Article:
Taking on Complexity


In my last bunch of posts, I have noticed a pattern that seems worth making explicit. The hardest part of the work I have been doing is to come up with practical responses to the critical analyses. I have been seeing a tiny bit of evidence that the basis of my critique is catching on. Even if the specific remedies I have been proposing are not getting a lot of traction, the sense that something radical is needed is a recognition that our problems are paradigmatic, not merely malfunctions in the current modern culture and its machinery. Of course, misguided efforts like those behind the recent Ecomodernization Manifesto suggest otherwise, but, like those who deny the reality of global climate change, they have adopted much too narrow a frame. And that gets me to the theme of this post.

The problem with this approach to fix up the system is that it fails to recognize the complexity of the system that would be repaired. Whatever is to be done under their rubric is inevitably only a partial solution because the whole system is not included in their thinking. While the internal logic underlying the analysis may appear to be well-grounded, it is so only because important parts have been omitted. Opponents of such works are asked to come up with a better analysis and, too often, get drawn into a food fight as to which has started with a better set of premises. But that is the wrong result; neither can be better, a priori, as long as both fail to accept that the system being addressed is complex. Any analytical model is bound to be partial and abstract. How well it actually describes the system can be discovered a posteriori, that is after the system, modified as the models prescribe, responds. There is a better way to deal with such complex systems.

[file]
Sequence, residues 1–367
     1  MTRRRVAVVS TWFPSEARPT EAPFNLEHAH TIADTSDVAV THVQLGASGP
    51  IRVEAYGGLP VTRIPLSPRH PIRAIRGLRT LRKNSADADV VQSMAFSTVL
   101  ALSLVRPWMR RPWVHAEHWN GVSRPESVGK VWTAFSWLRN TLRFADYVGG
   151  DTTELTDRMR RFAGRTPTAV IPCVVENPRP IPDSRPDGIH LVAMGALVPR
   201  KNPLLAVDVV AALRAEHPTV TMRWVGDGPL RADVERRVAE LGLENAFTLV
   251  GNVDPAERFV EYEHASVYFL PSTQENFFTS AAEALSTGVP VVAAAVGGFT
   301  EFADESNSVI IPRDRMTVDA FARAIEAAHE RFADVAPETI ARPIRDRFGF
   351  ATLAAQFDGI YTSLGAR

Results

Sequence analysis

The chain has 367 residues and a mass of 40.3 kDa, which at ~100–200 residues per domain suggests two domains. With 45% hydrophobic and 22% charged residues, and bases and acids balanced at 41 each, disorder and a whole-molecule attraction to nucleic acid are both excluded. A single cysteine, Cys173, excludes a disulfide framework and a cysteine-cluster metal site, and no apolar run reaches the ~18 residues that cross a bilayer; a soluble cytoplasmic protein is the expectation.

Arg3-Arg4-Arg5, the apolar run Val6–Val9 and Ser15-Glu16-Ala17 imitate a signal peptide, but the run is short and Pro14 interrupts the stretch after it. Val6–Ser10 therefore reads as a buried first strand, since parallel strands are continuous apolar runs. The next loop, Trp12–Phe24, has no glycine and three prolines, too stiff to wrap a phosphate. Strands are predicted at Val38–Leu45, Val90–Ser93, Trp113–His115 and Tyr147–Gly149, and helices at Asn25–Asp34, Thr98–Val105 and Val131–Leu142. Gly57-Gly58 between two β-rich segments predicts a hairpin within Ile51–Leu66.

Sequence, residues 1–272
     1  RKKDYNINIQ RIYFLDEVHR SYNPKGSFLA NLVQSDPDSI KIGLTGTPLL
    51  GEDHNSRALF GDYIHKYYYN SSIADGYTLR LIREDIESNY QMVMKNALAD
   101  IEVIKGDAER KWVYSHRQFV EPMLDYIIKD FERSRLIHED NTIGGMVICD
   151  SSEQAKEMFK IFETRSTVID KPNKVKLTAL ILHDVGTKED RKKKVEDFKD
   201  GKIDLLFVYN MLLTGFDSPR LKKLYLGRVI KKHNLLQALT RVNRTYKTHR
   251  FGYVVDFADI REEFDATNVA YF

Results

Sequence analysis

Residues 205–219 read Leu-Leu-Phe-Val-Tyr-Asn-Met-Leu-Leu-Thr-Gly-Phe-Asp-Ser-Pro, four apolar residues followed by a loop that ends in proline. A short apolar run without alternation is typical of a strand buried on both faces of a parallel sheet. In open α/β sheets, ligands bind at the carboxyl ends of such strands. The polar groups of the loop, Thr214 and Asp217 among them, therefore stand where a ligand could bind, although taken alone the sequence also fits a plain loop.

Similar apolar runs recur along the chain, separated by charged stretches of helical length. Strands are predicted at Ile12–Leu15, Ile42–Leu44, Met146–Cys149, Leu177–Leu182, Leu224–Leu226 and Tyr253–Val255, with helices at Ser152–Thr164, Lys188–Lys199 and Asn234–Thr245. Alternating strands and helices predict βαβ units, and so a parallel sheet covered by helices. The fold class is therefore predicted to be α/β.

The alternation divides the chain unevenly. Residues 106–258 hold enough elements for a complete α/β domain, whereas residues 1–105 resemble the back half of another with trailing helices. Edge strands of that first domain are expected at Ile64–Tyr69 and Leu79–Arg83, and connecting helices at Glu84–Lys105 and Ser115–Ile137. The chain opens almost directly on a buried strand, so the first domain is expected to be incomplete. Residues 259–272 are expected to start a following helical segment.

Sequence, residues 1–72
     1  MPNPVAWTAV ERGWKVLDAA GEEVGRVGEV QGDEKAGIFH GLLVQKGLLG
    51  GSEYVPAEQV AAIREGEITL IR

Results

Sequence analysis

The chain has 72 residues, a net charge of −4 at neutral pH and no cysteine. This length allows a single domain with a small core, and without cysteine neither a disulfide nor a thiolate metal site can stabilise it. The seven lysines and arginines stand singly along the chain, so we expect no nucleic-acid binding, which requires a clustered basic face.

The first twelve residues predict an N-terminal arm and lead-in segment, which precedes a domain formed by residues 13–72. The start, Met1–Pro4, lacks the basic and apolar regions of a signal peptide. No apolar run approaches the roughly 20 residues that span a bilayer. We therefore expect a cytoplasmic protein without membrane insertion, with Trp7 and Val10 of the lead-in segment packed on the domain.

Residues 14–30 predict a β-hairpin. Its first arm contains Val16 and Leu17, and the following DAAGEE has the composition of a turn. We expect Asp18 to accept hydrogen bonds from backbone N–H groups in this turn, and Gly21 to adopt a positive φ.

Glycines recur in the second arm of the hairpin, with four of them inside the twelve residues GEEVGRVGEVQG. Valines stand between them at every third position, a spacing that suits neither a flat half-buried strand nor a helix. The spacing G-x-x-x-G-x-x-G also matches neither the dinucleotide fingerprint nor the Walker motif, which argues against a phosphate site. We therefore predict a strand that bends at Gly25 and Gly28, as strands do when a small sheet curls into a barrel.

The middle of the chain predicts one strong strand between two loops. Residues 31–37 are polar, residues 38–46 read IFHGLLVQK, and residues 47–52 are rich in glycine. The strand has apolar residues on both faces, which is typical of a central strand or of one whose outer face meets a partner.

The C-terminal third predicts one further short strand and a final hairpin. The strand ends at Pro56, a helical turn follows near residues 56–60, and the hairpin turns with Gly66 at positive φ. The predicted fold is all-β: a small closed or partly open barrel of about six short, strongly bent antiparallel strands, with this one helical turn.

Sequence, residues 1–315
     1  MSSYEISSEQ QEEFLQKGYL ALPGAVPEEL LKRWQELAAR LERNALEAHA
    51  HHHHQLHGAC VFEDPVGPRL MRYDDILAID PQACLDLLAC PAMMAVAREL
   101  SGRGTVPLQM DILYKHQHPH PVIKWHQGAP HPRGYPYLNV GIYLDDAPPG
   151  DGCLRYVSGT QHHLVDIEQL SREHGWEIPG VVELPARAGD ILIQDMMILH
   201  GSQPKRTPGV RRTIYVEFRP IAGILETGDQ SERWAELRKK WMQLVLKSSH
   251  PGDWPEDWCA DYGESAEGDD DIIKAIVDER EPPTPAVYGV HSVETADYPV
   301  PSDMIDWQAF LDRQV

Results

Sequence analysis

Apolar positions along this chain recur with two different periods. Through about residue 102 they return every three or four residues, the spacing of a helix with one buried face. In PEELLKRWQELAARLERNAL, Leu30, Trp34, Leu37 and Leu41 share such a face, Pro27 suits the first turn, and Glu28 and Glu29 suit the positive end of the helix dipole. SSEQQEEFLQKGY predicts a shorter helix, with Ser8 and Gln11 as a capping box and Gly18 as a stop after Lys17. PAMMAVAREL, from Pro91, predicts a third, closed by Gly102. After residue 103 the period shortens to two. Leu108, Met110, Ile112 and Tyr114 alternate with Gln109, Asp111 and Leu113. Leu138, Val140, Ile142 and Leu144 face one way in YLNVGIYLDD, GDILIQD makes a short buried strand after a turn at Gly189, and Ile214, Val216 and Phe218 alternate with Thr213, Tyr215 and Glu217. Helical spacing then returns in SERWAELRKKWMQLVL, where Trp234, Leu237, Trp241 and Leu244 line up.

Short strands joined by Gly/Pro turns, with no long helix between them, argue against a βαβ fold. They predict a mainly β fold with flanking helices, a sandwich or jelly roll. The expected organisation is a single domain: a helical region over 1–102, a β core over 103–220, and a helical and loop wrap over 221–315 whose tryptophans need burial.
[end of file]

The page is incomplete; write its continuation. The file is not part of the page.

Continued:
Complexity, as I will state in a moment, is the more common system description out there in the world, but our norm is to ignore this and treat everything as analytically tractable. If we are to begin to clear up the increasingly persistent problems showing up in both human societies and in the non-human world around them, we have to make a paradigmatic swerve and start with the presumption that all persistent problems are complex. This does not mean that we have to punt, but it does mean that we have to address them very differently.

The first requirement is that we try to match the real world out there with our mode of thinking. We have such a means at hand: systems thinking. Unlike analytic methods, there is no fixed way to proceed, but there are some very useful tried and effective practices. The first and most important is to make sure that the framing of the situation is not unknowingly constrained by analytic thinking. It’s important to start with the understanding that the “solutions” that are eventually chosen are always partial and the system will need constant observation and adjustments. The 10 principles created by Rittel and Webber in their timeless paper on “wicked systems” should be read every time a complex problem is being faced. I have listed and discussed them earlier in this blog. This link is to my introductory blog that presents their general argument and is followed by a series of posts that probe each of the ten principles they develop. The original paper, itself, is publicly available at this link.